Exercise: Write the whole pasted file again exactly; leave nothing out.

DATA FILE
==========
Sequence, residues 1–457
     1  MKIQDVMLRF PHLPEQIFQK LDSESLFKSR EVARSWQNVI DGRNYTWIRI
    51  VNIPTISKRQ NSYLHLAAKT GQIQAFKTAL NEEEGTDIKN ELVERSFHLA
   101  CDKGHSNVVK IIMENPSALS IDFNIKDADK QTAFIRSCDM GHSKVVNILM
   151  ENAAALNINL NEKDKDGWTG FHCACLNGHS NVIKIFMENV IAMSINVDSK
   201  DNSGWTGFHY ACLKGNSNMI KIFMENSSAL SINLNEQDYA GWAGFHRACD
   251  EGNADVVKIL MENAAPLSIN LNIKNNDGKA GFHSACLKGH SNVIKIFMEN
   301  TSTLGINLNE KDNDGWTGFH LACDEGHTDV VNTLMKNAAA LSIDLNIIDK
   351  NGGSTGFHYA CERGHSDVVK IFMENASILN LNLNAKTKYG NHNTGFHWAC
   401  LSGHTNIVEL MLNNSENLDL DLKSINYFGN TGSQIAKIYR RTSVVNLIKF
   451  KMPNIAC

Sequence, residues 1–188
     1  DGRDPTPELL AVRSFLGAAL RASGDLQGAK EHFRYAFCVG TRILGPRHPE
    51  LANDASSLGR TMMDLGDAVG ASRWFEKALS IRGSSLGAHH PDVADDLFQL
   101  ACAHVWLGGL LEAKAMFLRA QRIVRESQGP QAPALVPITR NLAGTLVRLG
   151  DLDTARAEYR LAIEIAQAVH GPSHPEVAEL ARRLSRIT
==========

Sequence, residues 1–457
     1  MKIQDVMLRF PHLPEQIFQK LDSESLFKSR EVARSWQNVI DGRNYTWIRI
    51  VNIPTISKRQ NSYLHLAAKT GQIQAFKTAL NEEEGTDIKN ELVERSFHLA
   101  CDKGHSNVVK IIMENPSALS IDFNIKDADK QTAFIRSCDM GHSKVVNILM
   151  ENAAALNINL NEKDKDGWTG FHCACLNGHS NVIKIFMENV IAMSINVDSK
   201  DNSGWTGFHY ACLKGNSNMI KIFMENSSAL SINLNEQDYA GWAGFHRACD
   251  EGNADVVKIL MENAAPLSIN LNIKNNDGKA GFHSACLKGH SNVIKIFMEN
   301  TSTLGINLNE KDNDGWTGFH LACDEGHTDV VNTLMKNAAA LSIDLNIIDK
   351  NGGSTGFHYA CERGHSDVVK IFMENASILN LNLNAKTKYG NHNTGFHWAC
   401  LSGHTNIVEL MLNNSENLDL DLKSINYFGN TGSQIAKIYR RTSVVNLIKF
   451  KMPNIAC

Sequence, residues 1–188
     1  DGRDPTPELL AVRSFLGAAL RASGDLQGAK EHFRYAFCVG TRILGPRHPE
    51  LANDASSLGR TMMDLGDAVG ASRWFEKALS IRGSSLGAHH PDVADDLFQL
   101  ACAHVWLGGL LEAKAMFLRA QRIVRESQGP QAPALVPITR NLAGTLVRLG
   151  DLDTARAEYR LAIEIAQAVH GPSHPEVAEL ARRLSRIT